Cap off this year’s Spooky Season at our chat with Sherry Thomas, author of the Lady Sherlock series of historical mysteries, including the upcoming Miss Moriarty, I Presume?/p>
Lit Chat with Sherry Thomas, Tuesday, October 26, at 7pm. Click here to register.
USA Today-bestselling author Sherry Thomas decided that her goal in life is to write every kind of book she enjoys reading. Thus far she has published romance, fantasy, mystery, and a wuxia-inspired duology. Her books regularly receive starred reviews and best-of-the-year honors from trade publications, including such outlets as the New York Times and National Public Radio. She is also a two-time winner of Romance Writers of America’s prestigious RITA® Award. Sherry immigrated from China at age 13 and English is her second language.
Check out Sherry’s extensive backlist in the library catalog while you wait for her next Lady Sherlock book, Miss Moriarty, I Presume?, out November 2.
“The books that first inspired me to want to write my own Sherlock Holmes adaptation with a romantic element, Laurie R. King’s Mary Russell/Sherlock Holmes stories. The series begins with the fantastic The Beekeeper’s Apprentice, in which a retired Sherlock Holmes takes on a young girl with a remarkable intellect as his protégé.
Other historical female sleuths: the Veronica Speedwell series by Deanna Raybourn, the Brontë Sisters mysteries by Bella Ellis, the Lady Darby series and the Verity Kent series by Anna Lee Huber, the Lady Emily series by Tasha Alexander.
Mysteries that are kind of historical to us now but written as contemporary works: the Lord Peter Wimsey books by Dorothy L. Sayers, especially those featuring Harriet Vane.”
Sherry recommends: “The show that made me get off my behind and actually write my own Sherlock Holmes adaptation: BBC Sherlock. My favorite episodes are The Great Game, A Scandal in Belgravia, and The Sign of Three.” Sherlock is currently not on any streaming services (though you can buy episodes via Amazon, iTunes, and other services), but you can check out the comics based on the BBC series on hoopla.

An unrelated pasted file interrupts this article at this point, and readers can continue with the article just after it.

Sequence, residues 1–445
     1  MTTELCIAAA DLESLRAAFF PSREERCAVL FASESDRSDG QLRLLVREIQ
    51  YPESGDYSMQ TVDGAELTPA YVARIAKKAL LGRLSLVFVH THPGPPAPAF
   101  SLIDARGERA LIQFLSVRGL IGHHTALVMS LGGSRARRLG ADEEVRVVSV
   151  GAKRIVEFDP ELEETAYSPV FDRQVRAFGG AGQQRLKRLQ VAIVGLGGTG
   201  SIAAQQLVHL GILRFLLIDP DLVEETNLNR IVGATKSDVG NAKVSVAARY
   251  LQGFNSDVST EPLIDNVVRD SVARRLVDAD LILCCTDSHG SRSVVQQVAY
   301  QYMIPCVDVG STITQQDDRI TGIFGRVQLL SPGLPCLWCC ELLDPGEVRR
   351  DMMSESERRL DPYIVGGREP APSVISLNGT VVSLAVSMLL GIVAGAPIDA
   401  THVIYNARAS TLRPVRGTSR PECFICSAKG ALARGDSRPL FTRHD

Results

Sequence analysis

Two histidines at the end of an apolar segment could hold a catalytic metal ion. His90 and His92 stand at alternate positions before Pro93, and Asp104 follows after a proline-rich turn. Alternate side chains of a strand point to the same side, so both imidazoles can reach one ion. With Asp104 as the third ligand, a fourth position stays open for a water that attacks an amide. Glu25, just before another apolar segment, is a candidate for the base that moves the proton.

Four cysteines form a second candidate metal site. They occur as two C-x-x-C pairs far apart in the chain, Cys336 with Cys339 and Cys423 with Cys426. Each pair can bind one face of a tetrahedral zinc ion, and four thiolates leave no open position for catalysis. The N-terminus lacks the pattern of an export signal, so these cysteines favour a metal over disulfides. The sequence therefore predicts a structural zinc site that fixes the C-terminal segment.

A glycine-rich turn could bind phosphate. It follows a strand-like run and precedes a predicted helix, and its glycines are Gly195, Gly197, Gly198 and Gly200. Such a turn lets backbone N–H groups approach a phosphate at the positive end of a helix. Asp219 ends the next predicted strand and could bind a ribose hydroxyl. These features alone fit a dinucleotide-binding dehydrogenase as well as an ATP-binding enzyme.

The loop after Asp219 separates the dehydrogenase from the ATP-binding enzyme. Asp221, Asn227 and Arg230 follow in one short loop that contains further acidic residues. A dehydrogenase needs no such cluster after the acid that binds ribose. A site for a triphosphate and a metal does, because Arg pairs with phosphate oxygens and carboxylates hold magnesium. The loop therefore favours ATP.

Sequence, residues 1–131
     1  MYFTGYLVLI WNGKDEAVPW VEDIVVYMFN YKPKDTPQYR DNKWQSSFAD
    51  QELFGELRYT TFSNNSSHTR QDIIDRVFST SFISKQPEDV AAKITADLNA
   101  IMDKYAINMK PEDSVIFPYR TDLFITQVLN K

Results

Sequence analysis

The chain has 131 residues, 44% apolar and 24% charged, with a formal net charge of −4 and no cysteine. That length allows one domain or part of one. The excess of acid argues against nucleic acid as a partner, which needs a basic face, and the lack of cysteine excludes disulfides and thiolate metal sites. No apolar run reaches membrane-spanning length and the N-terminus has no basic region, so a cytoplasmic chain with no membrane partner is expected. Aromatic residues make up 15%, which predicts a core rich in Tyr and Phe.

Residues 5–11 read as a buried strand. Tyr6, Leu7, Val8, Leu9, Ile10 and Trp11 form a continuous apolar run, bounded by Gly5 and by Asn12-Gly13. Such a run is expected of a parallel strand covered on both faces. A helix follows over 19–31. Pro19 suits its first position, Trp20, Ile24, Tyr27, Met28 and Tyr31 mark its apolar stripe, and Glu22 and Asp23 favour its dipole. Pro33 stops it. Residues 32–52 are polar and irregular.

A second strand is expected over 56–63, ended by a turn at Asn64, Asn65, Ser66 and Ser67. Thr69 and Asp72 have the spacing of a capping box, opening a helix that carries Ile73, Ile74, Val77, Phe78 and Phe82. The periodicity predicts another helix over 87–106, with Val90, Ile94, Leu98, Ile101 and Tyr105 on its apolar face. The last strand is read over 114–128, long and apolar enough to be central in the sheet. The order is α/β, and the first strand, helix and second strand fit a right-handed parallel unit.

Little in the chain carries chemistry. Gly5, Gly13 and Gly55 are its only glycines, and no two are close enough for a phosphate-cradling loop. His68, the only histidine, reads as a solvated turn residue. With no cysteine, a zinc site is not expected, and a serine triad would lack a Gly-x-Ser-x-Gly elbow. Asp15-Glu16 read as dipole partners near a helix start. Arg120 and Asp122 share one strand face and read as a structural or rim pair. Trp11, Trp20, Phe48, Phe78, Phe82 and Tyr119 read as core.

Sherry also invites you to check out some series available on Netflix: “I also love seeing how people tell stories elsewhere in the world. I grew up watching anime, and have recently discovered some gems. My two new favorites are Violet Evergarden, which is extraordinarily moving, and The Way of the Househusband [check out the manga here], which is funny, lighthearted, and yet oddly touching. I recommend watching with the original audio and subtitles, rather than the dubbed versions.
I love a good love story, but Hollywood seems reluctant to go all in on series-length love stories—Bridgerton being a very notable exception. But Korean TV dramas, which typically run about 16-20 episodes, one season and done, are not at all afraid to be first and foremost love stories, with mysteries, adventures, politics, etc., thrown in. My two most favorite k-dramas are Crash Landing Into You, which has a South Korean heiress and businesswoman accidentally paragliding into North Korea (my niece squealed about it when she was done watching upon my recommendation), and It’s Okay to Not be Okay, featuring a hard-edged children’s book author and a kind-hearted psychiatric caregiver. Crash Landing Into You does all the classic romance tropes beautifully and It’s Okay to Not be Okay turns all the classic romance tropes on their heads beautifully.”
Are you a mystery maven, or a newbie to the genre? Either way, you can get some great recommendations from our book club, Mysterious Affairs with the Highlands Mystery Machine. Check out their upcoming books in our event calendar and register to attend!
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